JSF: Yes, quite literally. I hear again and again that farmers didn't become farmers to hurt animals or to trash the environment. It's actually an incredibly rewarding way of life and used to very diverse. Now its just one kind of crop or animal. It used to require lots of different knowledge and there was something joyful about seeing the cycle of life repeat itself and getting to know the animals as individuals and caring for them and then giving them a painless death or as painless as one could hope for. And all of that has been inverted with factory farming. It's all automated now for starters - with chicken farming they put them in the sheds and come back in 45 days and send them to slaughter. Other than that there is no human intervention.

TL: Does the consumer understand what farming is about today?

JSF: They would if we had some laws about truth and labelling. So long as we have pictures on our packages of meat with barns, grass and fences we will continue to think it is really like that. We have labels on cigarettes saying you will die I don't know why we can't have labels on packages of meat saying these 60,000 of these animals were raised in a windowless shed and fed antibiotics from birth to death. It's the truth so why shouldn't we have access to it?

TL: Why did KFC get so much criticism in your book?

JSF: They are just so terrible. Neither Tyson, Smithfield or KFC responded which suggests that they think the more people talk and think about these things, the less inclined they will be to eat meat. People don't learn more about factory farming and want eat more. It's an industry that literally depends on our ignorance and silence. My impression is that its enormously powerful and they spend tens of millions of dollars on lobbying every year. I mean I got sent an email saying 'stand up to the well-funded vegetarian lobby' and support your local farmer. Well I did a bit of research and together, all the vegetarian advocate groups spend about $600,000 a year and have no full-time employers compared to the meat industry's numerous lobbyists. There is no vegetarian lobby but meat industry claims there is one in an attempt to create a certain type of story and marginalise that position. They try to make it seem as if caring about this makes you a weirdo or hippy. Small farmers like animals and the environment and want to protect both of them.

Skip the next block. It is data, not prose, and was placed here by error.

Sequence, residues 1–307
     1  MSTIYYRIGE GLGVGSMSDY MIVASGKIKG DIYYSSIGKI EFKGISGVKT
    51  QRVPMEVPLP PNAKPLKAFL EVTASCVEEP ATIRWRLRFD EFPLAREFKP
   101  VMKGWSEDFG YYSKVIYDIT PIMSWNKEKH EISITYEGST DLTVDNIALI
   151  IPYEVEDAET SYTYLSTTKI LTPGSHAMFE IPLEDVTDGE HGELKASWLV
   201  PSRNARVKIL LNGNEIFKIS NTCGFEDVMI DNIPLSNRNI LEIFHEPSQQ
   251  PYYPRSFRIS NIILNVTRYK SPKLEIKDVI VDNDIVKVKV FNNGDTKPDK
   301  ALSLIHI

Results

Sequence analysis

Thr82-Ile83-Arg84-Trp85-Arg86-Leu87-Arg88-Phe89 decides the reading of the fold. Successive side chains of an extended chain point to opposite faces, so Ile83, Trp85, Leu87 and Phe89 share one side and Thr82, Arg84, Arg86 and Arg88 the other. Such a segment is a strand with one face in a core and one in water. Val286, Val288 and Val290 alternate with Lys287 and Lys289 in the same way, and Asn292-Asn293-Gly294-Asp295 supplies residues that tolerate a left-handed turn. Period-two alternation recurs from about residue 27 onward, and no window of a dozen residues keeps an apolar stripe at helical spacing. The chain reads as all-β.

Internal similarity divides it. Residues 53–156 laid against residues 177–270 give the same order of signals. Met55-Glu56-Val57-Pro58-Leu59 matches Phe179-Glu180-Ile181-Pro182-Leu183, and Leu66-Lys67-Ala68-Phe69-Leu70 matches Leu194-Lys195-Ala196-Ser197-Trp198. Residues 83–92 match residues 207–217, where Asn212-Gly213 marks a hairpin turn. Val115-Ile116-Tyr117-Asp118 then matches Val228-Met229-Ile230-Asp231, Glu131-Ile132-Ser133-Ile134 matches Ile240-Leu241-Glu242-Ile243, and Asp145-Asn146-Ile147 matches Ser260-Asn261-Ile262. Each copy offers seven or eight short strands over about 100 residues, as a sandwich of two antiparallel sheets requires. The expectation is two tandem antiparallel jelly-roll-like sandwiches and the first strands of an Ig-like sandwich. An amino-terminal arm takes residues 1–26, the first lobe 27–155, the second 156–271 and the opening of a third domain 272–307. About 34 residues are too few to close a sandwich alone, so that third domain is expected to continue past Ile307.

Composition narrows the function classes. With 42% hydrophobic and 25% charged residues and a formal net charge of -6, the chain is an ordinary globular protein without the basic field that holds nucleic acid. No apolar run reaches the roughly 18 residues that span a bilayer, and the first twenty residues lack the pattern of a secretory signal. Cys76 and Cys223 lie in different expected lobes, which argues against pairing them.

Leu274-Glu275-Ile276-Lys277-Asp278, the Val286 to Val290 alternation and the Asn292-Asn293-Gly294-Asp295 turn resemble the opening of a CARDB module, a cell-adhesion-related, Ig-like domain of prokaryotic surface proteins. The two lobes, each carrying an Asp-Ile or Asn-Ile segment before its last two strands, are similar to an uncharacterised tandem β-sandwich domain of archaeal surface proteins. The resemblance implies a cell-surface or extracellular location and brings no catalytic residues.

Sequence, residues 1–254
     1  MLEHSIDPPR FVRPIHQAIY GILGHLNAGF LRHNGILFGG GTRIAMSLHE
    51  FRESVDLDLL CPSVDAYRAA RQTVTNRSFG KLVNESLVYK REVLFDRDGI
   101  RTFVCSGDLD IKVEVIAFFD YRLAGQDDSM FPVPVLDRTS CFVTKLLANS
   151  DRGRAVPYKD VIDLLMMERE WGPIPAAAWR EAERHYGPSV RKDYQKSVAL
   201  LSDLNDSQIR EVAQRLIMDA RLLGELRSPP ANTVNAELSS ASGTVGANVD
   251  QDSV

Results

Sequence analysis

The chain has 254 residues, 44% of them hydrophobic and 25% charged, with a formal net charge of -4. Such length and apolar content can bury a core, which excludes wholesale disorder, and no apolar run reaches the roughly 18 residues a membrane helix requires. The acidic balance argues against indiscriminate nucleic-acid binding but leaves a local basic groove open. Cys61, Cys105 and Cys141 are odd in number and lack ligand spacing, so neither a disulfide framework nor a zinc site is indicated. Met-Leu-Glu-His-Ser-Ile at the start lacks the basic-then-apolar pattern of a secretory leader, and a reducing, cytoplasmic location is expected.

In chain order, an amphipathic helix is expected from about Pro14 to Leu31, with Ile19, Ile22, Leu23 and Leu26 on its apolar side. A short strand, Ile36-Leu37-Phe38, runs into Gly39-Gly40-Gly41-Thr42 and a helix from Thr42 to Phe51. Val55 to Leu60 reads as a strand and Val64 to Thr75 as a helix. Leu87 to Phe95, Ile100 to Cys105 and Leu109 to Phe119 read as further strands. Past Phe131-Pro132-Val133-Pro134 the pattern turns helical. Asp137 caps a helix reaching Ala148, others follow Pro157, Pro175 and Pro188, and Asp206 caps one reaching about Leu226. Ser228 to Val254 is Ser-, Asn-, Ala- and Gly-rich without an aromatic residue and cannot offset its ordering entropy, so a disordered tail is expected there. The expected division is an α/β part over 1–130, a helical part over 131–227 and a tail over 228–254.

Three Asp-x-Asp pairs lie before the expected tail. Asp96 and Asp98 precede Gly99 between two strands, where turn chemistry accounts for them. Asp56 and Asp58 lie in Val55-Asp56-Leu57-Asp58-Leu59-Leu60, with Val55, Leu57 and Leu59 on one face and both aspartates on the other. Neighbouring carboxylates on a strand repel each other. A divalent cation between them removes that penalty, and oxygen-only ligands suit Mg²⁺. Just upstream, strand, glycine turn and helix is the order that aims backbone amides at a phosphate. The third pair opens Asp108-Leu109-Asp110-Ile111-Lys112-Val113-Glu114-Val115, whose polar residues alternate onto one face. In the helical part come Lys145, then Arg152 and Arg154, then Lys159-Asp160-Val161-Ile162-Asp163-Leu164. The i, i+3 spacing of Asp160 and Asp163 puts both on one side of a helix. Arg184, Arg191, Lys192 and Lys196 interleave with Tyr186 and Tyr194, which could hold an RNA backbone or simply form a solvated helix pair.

TL: What are your views on organic?

JSF: If you have a choice, it's definitely better than factory-farmed meat but it's not what people think it is either. It doesn't necessarily have anything to do with the way animals are treated and it has nothing to do with the genetics of the animal. I think a lot of people look at organic as a silver bullet - if i just buy this I will have done my bit - unfortunately it's not what most people think it is.

TL: Can you be as Michael Pollen suggests an ethical carnivore?

JSF: It's impossibly difficult to be an environmentally-sensitive carnivore. It takes so much time and energy to figure out where the meat really comes from, by what process it is brought to your table, how far away the farm is, what they do with their waste. There are just so many questions. Michael Pollen is the world's greatest advocate of ethical eating and yet he still regularly eats factory farmed meat. Doing what he argues against. I am not someone who believes in purity. My only point is that I would like to do what I believe in and I would find it very difficult to do that by eating meat. There is no alternative to some flying but it is simple not to eat meat. There is nothing necessary about it. We only eat meat because we like the taste and we should stop pretending it is about anything else.

TL: What about the dairy sector; do you still consume dairy and eggs?

JSF: In terms of animal cruelty it would be so much better to eat a burger than to drink milk. It's definitely the right thing to do but I just find it hard to give it up. I buy all of our milk and eggs back at home from a farmers market but the arguments are exactly the same. We have to get away from the expectation of perfection because it really intimidates people who would otherwise make an effort. People use the fear of hypocrisy to justify total inaction. I wish I weren't as hypocritical as I am but I think that's just part of what it means to be a person.

Jonathan's book 'Eating Animals' is published by Penguin